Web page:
In theory police officers should be one of the most welcome presences in our communities. Their job is to protect the neighborhood and serve its citizens. We should be eager to engage our law enforcement officials if there are problems where we live, and we should also celebrate their work. I can’t speak for all black men but my individual relationship with the police is…complicated.

A Complicated Relationship

I’ve never been arrested or charged with a crime, but in many ways I constantly feel like a suspect. I remember one incident in particular when I was in high school.

There was the time when a white cop assumed that me and my best friend (also black and male) had a girl with us in the car against her will. This girl happened to be white and she also happened to be my girlfriend at the time. He even went so far as to question us about our ages and ask the young lady point-blank if she was with us voluntarily. Who knew a quick stop at the 7-Eleven could cast doubts on your morality and make you feel like a victim of your own skin?

Another time I got pulled over, ostensibly for speeding, and searched. The cop gives me the standard, “Do you know how fast you were going?” and “License and registration” small talk, but then he asks me if I have any drugs in the car. He tells me to pop the trunk and he finds nothing. Then he tells me to get out of the car and empty my pockets. Nothing. Then he starts searching the car. He finds the cheap gas station cigars I use on long drives and asks, “Is there pot in these?” I guess that’s something drug users do, replace the tobacco with weed. I didn’t know that and I didn’t do that. He gives me a ticket for speeding and drives off.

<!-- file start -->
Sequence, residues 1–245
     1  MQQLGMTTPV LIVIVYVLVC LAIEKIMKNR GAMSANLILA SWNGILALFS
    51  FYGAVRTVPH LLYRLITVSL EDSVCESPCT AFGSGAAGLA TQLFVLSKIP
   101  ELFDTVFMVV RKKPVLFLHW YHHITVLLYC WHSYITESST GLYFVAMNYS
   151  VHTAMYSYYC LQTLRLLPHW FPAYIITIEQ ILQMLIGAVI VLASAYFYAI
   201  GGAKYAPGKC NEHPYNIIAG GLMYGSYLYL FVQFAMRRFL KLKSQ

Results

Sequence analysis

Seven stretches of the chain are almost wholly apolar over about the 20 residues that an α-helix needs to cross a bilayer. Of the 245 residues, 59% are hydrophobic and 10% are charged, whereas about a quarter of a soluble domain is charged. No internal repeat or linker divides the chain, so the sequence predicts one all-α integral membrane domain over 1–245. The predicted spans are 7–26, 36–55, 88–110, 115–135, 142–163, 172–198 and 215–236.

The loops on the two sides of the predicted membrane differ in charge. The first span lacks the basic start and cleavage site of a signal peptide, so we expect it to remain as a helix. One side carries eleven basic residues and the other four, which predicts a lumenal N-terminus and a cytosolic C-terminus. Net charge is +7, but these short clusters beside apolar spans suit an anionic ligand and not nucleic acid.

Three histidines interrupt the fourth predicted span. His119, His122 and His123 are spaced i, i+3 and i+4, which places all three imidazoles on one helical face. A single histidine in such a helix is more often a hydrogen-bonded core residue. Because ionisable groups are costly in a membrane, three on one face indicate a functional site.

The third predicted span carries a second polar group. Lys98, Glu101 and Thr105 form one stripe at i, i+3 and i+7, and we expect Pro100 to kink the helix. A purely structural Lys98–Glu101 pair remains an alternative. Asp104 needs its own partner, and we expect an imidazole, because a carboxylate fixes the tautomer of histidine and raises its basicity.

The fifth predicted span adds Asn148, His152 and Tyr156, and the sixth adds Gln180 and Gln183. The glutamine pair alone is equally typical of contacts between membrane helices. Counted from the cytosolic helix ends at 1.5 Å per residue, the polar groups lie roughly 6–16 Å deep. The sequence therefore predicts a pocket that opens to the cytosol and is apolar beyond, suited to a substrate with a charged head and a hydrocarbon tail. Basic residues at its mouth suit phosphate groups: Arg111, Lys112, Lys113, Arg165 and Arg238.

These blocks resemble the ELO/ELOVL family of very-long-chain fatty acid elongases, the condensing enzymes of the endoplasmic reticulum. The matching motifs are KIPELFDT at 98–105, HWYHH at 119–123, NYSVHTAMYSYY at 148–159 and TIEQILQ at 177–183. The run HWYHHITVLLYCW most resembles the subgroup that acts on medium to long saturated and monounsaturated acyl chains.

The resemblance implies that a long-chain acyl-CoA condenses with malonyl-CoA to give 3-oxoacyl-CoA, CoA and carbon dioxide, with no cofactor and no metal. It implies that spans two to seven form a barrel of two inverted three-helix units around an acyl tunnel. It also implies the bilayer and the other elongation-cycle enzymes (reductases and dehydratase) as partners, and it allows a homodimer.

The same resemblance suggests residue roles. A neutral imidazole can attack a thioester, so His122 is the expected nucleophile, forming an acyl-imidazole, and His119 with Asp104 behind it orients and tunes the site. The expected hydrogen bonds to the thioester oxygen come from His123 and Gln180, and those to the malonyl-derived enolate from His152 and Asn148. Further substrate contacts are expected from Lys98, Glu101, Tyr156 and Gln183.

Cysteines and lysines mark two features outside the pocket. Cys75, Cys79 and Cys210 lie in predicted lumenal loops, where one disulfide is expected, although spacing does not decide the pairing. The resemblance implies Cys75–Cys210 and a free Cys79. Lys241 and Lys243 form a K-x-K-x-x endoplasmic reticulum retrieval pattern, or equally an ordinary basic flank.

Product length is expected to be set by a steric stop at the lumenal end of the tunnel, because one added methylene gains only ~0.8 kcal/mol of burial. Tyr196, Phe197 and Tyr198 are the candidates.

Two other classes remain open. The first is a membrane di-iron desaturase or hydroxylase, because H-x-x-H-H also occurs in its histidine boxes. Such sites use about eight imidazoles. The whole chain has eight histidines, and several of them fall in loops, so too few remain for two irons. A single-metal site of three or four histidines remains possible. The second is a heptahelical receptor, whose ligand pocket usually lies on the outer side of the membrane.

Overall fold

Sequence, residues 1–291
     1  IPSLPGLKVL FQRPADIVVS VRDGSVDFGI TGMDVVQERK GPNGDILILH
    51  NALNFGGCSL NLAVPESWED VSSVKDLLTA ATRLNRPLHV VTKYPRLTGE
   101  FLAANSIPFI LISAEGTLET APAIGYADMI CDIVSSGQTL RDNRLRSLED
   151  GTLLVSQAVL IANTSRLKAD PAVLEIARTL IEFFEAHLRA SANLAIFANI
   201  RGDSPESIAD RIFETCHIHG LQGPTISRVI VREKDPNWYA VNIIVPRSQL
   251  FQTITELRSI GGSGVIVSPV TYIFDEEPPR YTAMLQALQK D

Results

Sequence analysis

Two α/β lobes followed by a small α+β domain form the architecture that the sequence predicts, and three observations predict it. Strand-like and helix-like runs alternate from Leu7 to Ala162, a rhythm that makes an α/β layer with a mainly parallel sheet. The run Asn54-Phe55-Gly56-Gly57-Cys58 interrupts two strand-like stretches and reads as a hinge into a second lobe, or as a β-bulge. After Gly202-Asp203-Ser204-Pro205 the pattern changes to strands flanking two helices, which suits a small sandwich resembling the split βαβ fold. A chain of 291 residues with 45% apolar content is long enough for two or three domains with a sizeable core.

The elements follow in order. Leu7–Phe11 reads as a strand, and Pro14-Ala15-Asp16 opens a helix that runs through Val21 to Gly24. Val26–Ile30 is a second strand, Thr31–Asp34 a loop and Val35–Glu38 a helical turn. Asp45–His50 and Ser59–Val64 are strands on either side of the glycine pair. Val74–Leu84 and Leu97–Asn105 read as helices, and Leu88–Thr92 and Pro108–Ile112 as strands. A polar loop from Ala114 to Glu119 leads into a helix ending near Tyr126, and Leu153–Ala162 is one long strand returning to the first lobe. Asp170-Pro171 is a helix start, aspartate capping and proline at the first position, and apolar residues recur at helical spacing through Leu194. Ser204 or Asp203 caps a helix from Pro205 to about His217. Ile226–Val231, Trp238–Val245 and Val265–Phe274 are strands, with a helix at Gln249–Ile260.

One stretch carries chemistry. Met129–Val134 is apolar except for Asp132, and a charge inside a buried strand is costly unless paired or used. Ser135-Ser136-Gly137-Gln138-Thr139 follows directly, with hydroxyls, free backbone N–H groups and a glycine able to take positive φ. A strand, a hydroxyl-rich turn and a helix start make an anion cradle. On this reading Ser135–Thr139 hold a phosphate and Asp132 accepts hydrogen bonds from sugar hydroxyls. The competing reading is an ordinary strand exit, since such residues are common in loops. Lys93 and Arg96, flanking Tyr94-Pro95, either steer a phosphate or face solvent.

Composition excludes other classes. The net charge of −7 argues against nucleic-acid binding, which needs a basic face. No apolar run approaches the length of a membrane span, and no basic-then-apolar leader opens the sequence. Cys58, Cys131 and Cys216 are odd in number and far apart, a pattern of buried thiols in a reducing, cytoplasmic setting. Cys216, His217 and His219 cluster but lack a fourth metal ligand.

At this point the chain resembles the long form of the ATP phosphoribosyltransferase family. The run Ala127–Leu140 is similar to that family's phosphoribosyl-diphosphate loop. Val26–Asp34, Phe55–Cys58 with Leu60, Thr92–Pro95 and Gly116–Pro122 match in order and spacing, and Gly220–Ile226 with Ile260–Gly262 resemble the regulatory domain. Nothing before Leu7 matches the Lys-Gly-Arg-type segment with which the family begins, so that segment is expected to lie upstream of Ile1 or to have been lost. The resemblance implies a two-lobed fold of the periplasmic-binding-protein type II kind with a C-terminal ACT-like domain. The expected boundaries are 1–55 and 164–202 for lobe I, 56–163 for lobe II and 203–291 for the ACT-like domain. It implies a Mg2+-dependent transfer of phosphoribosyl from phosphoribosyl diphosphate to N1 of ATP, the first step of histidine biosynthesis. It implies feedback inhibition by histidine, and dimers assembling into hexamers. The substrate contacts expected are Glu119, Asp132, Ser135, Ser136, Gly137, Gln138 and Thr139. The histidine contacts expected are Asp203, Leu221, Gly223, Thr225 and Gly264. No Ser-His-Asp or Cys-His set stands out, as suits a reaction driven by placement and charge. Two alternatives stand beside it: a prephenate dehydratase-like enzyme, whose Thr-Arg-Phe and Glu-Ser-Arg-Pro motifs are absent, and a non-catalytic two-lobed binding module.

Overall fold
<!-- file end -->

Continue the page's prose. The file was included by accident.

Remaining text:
And of course there are the countless times when I gather with my other black, male friends and we are acutely aware of how quickly an innocuous encounter can turn ominous. I remember going out to a restaurant with a group of four other black men. One of us happened to own a sleek, black Land Rover into which we all piled. After we were all in it occurred to us that a group of young black men in a nice, late-model SUV were prime targets for unwanted attention from the police. We joked about it all the way to our destination, but the driver stayed right at the speed limit the whole time. We all knew without saying it that where two or three Black men are gathered, it seems, there will be cops, or at least an overly attentive store clerk.

Yes, But

I know these men and women, by and large, are just doing their jobs. More than that, they truly want to serve and make their communities a better place. I can’t begin to fathom what goes through an officer’s mind in certain situations. I’m sure many of them have been in circumstances that have necessitated violent, even lethal force. It’s tough to shut down that instinct on a moment’s notice. And, similar to cops in a high-stress situation, we’ve all had to make a critical decision very quickly in the midst of uncertain circumstances. We may have made the wrong decision in that moment, and we and others spend a lifetime analyzing what should have happened differently.

Others may object, “That’s not a race thing. I’ve had negative encounters with the cops, too.” Or, “It’s not only white cops that stop black people. Black cops do it, too.” And yet others may say, “You just have to use common sense. Don’t put yourself in situations that beg for an altercation.”